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Discussion Starter #1
I posted a similar question at the tail end of another topic, which probably wasn't most appropriate, and so will repost here.

I read the tech tip on performing the Topic procedure but was wondering if anyone could supply powder and charge weight information?  Also, does this result in shorter cases than could be attained by using 38-55 brass?
 

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Yes, the brass will be shorter than .38-55, but perfect for the .375 Winchester!

Use 5.0g Red dot, fill the case with cornmeal, then cork the neck of the case with paraffin wax, shoot, and you have a very cylindrical case perfect for the .375 Winchester!

Hope this helps!

God Bless,

Marshall
 

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Discussion Starter #3
Thanks Marshall,

Have any idea what the appropriate charge of Bullseye would be?  I don't have any RedDot in my locker right now.  Otherwise I guess I'll have some!
 

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Bart,

To fireform those cases use 4.0g Bulleye in the case topped off with either cornmeal or Creame Of Wheat to the middle of the neck on the .30-30 case, then plug with the parrafine wax.   No, it doesn't have to be Red Dot, it's just my powder of choice for this and other such applications.

Let us know how your fire-forming comes out!

God Bless,

Marshall
 

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Discussion Starter #5
I loaded up 20 each of Win and Rem 30-30 cases as prescribed.  I wasn't sure if you meant to seal the tops with melted paraffin or just plug them.  I put the bar of wax in hot water for a bit and then just stuck the necks of the cases in and broke off a plug.  It appears that the main reason for the wax is to hold the cornmeal and powder in place anyway since I don't think it could provide much resistance, melted or not.  I ended up with about a 50% yield rate.  Some cases are almost perfect, while others hardly expanded at all.  Given my technique, I believe that a slightly higher charge of Bullseye would have worked more reliably.  Since I'm off today I'm going to repeat the experiment and use something more like 4.1 - 4.2 grains of powder.  I'll let you know that result.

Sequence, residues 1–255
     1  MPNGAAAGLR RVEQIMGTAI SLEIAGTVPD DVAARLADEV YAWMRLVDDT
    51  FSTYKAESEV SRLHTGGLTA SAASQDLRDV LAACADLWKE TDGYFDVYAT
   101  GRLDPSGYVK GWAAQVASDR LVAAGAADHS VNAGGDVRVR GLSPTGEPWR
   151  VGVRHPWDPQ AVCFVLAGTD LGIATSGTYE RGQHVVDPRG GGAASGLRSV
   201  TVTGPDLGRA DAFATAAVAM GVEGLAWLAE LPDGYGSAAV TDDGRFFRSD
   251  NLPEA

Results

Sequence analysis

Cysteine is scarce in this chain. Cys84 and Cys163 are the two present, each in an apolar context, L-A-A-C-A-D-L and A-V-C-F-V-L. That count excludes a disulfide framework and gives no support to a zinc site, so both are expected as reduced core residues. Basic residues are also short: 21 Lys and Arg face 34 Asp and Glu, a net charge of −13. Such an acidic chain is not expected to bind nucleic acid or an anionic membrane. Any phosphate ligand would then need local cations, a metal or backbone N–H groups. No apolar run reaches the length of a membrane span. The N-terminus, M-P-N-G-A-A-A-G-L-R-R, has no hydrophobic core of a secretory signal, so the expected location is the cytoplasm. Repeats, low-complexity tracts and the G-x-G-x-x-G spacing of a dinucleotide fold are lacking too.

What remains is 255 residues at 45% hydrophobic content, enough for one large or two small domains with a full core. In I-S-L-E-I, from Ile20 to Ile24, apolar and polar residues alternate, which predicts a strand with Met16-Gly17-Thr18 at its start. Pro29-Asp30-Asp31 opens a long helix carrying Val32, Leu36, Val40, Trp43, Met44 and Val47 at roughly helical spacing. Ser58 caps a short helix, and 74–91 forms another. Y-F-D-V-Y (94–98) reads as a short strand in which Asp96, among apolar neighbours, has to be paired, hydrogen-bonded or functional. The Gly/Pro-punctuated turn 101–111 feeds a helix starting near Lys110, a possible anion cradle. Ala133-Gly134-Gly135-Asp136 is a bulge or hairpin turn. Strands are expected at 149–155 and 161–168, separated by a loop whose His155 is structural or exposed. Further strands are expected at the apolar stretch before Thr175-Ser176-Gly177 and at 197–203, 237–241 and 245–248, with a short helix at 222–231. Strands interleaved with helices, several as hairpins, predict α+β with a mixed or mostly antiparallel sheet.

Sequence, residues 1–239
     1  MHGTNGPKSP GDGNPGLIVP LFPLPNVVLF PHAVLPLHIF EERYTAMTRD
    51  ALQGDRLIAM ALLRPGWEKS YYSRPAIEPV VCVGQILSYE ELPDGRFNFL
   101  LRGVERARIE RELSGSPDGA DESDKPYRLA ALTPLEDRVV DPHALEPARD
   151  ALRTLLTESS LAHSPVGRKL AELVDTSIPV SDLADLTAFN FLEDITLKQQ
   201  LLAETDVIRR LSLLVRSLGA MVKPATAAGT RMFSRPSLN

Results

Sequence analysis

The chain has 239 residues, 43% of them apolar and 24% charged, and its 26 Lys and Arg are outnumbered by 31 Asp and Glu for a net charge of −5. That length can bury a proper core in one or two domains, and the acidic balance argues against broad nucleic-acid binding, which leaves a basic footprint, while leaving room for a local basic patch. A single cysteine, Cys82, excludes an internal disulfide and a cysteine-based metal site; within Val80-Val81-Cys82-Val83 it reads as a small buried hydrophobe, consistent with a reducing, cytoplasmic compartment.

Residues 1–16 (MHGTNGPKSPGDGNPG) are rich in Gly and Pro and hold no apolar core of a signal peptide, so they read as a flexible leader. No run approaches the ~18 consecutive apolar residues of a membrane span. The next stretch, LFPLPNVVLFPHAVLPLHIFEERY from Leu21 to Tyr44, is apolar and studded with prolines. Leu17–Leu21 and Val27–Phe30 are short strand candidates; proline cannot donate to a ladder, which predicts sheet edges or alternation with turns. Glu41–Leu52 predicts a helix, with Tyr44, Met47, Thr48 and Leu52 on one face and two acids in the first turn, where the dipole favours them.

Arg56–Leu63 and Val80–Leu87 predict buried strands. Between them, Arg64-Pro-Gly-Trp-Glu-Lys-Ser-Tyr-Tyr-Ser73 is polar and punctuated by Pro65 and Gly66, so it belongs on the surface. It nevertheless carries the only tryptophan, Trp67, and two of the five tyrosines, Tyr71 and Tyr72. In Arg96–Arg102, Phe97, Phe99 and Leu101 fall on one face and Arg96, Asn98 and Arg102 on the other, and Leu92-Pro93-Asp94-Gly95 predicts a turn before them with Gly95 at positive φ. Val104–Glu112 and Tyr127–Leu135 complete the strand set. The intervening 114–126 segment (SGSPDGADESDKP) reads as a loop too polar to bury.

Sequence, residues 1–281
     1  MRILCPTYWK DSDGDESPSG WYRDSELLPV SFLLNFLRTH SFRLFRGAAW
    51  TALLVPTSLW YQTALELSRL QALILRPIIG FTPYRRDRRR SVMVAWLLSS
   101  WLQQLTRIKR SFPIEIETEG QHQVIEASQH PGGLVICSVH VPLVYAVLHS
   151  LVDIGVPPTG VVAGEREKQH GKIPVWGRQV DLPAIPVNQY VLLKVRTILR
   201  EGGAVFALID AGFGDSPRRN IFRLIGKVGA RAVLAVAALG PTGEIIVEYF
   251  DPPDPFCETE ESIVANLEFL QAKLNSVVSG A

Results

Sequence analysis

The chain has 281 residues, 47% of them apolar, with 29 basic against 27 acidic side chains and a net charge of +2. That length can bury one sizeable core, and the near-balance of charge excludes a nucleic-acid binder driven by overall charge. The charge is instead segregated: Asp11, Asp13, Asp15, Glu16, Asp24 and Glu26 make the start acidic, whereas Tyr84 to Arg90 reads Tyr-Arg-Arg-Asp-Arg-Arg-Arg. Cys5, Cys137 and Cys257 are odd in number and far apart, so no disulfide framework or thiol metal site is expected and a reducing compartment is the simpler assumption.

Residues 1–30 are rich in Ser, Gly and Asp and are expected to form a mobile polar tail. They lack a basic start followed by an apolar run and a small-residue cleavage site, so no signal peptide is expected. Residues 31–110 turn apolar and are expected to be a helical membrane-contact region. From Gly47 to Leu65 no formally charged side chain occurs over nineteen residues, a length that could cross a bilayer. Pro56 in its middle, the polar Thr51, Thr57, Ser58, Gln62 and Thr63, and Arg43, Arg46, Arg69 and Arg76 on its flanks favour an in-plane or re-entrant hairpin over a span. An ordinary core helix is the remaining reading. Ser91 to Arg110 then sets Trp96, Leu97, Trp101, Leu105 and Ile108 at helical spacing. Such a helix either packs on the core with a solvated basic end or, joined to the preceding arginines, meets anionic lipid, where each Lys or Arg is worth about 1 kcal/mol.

I'm interested in seeing what the difference in capacity will be between the two different makes of cases.  At first I'd have believed the Winchesters would have had the most capacity but based on empty 30-30 case weight it appears that they are the heaviest.  There are other factors though that I couldn't account for such as length since my calipers are in storage.

This is a good thing to know how to do.  375 Win cases are getting harder to find (and more expensive) while 30-30 cases may be the most common centerfire brass encountered.  If times get hard this will make one a little more self sufficient.
 

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Discussion Starter #6
An update on the fireforming experiment:  A little more Bullseye did the trick and I now have 40 perfect 375 Win cases with 30-30 headstamps.  The difference between Win and Rem cases was in the noise regarding case capacity.  What I did find though was that the fireformed cases held 3% more water (by weight) than the factory 375s and 38-55s held 6.5% more water than factory cases.  Now I'm not quite being fair since the factory 375 cases were trimmed to min length when they were new and the others have had none, but I doubt it would make much difference anyway since those factory cases required almost no trimming to reach minimum length.  So I guess if you're looking for maximum case capacity the choice is obvious.  But for everyday use these "30-30 turned 375" cases are the ticket, especially if you get satisfaction from making things yourself.

BTW, these new cases, loaded with CCI 200 primers, 33.7 gr RE7, and BTB 250 LFNGC's kept an aerosol can jumping on the hillside from my Marlin at about 50 yds.  I'll be more scientific with velocity and accuracy when my chrony gets unpacked from storage.  I was pleasantly surprised to find zero visually detectable leading in the unlapped microgroove barrel too.

This is a "must try" for any serious 375 Winchester handloader.
 

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Discussion Starter #7
Since JackR brought this up, I should update the posting.

The last time I fireformed cases I used 5.0 gr of Bullseye and sealed the neck with a 1/2" square polyester wad, tamped into place with a chopstick.  Of 60 cases only one failed to form, while 3 split.  I believe this is the recipe for Bullseye.  The difference between using paraffin or poly wad wasn't apparent, and probably has no effect.  The biggest difference is that working with poly is much easier than soft paraffin.  I don' t know if backing off the charge a tad would have prevented the splits or not but I doubt it.  Losing 3 cases out of 60 is acceptable to me.  I've got so many of 30-30 cases around here that it doesn't matter.